In Roe v. Flores-Ortega, 528 U.S. 470 (2000), the Supreme Court described how the Court should address claims of ineffective assistance of counsel similar to the one presented here:

In those cases where the defendant neither instructs counsel to file an appeal nor asks that an appeal not be taken, we believe the question whether counsel has performed deficiently by not filing a notice of appeal is best answered by first asking a separate, but antecedent, question: whether counsel in fact consulted with the defendant about an appeal. We employ the term “consult” to convey a specific meaning-advising the defendant about the advantages and disadvantages of taking an appeal, and making a reasonable effort to discover the defendant's wishes. If counsel has consulted with the defendant, the question of deficient performance is easily answered: Counsel performs in a professionally unreasonable manner only by failing to follow the defendant's express instructions with respect to an appeal.

Id. at 478.

         In this case, Reyes-Espinoza does not challenge the magistrate judge's credibility findings, or its recitation of what occurred immediately after the sentencing hearing in this case. See Doc. 72 at 1-2. Those factual findings make clear that Reyes-Espinoza's attorney “followed Reyes-Espinoza back to the holding cell and explained to him the significance of the district judge's downward departure, ” “discussed with Reyes-Espinoza his appellate rights and offered to file a notice of appeal, ” “asked Reyes-Espinoza if he had any other questions, thoughts or concerns, and made sure that Reyes-Espinoza knew how to contact him if necessary.” Doc. 71 at 7-8. These facts make clear that the attorney adequately “consulted” with Reyes-Espinoza about an appeal under Roe. Thus, the attorney's performance could be professionally unreasonable only if he “fail[ed] to follow the defendant's express instructions with respect to an appeal.” Roe, 528 U.S. at 478. Because Reyes-Espinoza did not respond to the attorney's inquiry and gave no express instructions one way or the other, the attorney's performance was not professionally unreasonable.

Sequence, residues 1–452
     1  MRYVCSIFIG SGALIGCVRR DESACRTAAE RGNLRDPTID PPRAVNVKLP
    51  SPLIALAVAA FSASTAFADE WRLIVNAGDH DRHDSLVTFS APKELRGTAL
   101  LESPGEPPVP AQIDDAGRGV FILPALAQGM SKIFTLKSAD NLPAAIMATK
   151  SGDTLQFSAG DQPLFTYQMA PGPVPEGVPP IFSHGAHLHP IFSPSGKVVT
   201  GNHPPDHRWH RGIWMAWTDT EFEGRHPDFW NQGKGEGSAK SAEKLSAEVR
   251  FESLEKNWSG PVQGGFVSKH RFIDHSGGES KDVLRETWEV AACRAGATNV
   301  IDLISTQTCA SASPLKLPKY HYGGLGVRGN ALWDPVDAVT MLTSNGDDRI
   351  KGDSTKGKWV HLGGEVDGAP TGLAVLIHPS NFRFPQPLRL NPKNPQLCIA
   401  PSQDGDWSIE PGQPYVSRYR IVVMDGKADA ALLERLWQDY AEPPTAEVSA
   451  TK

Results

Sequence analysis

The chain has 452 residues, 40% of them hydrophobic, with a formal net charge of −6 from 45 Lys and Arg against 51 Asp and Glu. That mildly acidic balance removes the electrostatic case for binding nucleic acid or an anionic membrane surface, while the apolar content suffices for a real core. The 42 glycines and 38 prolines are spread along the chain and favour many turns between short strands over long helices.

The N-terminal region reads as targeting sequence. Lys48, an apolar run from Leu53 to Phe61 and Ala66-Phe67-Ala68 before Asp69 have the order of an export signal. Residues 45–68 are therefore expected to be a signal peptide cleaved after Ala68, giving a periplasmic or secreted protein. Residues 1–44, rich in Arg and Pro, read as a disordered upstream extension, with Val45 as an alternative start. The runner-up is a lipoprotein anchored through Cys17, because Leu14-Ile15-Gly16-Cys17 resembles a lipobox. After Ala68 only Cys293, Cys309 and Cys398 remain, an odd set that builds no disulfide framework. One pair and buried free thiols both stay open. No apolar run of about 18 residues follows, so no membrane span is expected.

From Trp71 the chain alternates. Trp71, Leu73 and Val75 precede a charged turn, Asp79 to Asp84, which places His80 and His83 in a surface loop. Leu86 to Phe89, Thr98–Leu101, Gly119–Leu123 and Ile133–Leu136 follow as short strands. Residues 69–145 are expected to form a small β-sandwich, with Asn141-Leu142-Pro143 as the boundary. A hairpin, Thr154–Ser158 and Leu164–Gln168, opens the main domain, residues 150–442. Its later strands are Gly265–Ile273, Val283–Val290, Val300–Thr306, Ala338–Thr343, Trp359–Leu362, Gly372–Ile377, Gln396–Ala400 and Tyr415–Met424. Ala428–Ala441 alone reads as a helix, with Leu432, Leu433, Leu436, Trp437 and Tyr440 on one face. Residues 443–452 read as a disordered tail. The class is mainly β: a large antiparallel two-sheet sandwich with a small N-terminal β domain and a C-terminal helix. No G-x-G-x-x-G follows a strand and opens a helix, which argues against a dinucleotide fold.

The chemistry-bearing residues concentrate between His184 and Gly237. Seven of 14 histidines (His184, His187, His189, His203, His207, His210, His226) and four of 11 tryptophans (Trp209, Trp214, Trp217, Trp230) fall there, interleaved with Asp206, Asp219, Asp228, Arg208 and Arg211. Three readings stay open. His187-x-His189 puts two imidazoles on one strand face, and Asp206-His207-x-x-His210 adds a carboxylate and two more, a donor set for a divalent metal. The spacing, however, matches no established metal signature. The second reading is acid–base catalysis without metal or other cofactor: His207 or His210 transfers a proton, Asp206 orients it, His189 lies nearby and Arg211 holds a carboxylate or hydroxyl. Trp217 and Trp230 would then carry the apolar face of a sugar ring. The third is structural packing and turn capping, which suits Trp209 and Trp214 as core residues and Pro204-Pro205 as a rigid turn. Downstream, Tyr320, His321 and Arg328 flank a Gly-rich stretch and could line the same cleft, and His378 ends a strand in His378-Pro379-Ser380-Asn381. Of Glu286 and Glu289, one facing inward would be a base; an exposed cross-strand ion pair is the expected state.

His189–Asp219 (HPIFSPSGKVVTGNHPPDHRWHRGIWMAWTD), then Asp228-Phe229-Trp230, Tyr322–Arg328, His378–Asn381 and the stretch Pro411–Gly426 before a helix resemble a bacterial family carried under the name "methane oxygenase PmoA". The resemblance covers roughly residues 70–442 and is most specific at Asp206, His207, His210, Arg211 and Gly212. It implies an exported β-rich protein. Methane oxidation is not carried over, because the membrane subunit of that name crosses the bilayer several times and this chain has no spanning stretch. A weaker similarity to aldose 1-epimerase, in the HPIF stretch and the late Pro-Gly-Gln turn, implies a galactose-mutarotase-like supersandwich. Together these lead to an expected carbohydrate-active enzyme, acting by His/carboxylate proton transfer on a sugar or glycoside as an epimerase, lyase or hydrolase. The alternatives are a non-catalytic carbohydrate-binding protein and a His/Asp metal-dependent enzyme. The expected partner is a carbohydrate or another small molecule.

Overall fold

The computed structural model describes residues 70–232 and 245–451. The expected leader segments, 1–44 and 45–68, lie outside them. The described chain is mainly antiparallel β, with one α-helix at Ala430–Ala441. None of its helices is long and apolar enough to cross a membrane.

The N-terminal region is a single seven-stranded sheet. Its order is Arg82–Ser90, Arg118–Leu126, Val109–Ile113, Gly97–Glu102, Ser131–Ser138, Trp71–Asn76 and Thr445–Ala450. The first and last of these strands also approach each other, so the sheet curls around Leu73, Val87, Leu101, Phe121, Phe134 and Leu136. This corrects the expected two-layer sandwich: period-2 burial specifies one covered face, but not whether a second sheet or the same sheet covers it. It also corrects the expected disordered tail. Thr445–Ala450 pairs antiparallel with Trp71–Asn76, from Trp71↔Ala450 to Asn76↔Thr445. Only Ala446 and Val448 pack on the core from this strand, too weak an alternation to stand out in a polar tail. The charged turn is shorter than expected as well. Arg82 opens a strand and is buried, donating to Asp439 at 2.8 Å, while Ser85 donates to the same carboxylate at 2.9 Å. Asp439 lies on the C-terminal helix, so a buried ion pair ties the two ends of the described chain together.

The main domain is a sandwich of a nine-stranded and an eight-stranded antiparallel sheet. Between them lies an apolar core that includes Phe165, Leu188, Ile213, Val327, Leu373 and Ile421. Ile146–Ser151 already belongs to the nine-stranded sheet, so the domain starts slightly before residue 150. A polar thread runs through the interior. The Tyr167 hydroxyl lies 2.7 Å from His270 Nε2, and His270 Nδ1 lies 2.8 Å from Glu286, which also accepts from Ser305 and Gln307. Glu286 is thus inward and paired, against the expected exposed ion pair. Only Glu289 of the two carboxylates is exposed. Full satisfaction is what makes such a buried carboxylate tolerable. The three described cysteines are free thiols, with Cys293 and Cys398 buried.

Reyes-Espinoza's argument that, under the circumstances, his attorney should have demanded a response, or filed an appeal in the absence of a response, is not persuasive. Reyes-Espinoza acknowledges that “he may not have had grounds to appeal his sentence, ” but instead says that he had grounds to appeal his conviction based on his repeated assertion that he believed he had a claim to citizenship. Doc. 72 at 2. At his change of plea hearing, however, Reyes-Espinoza said only “that there is a possibility that I'm a United States Citizen” based on his belief he was adopted by a U.S. citizen, but he acknowledged that he did not have proof of that claim. Doc. 47 at 25. He also admitted he was a Mexican citizen who previously had been deported from the United States, and that he did not have permission to reenter the United States. Id. at 26-27. At sentencing, he again said that he believed that there was a “high possibility” he was a citizen, but that he was “still looking into that, ” and “still [didn't] know what's going on with that.” Doc. 48 at 11. In short, Reyes-Espinoza persisted in his guilty plea despite his belief that he may have a claim to U.S. citizenship. As the government points out, “a valid guilty plea relinquishes any claim that would contradict the admissions necessarily made upon entry of a voluntary plea of guilty.” Class v. United States, 138 S.Ct. 798, 805 (2018) (internal quotation marks omitted). And unlike United States v. Carillo, 860 F.3d 1293, 1302-05 (10th Cir. 2017), the prosecutor in this case clearly set forth the factual basis for the reentry offense to which Reyes-Espinoza pled guilty, and the Court reviewed the elements of the offense with Reyes-Espinoza before it accepted his guilty plea. Doc. 47 at 24-28. Thus, after the sentencing hearing, it was not unreasonable for Reyes-Espinoza's attorney to believe that there were no nonfrivolous grounds for an appeal. Reyes-Espinoza's attorney was not ineffective for failing to demand that Reyes-Espinoza respond to his question about whether he wanted to appeal, or for failing to file a notice of appeal without being directed to do so by his client.

         III. ...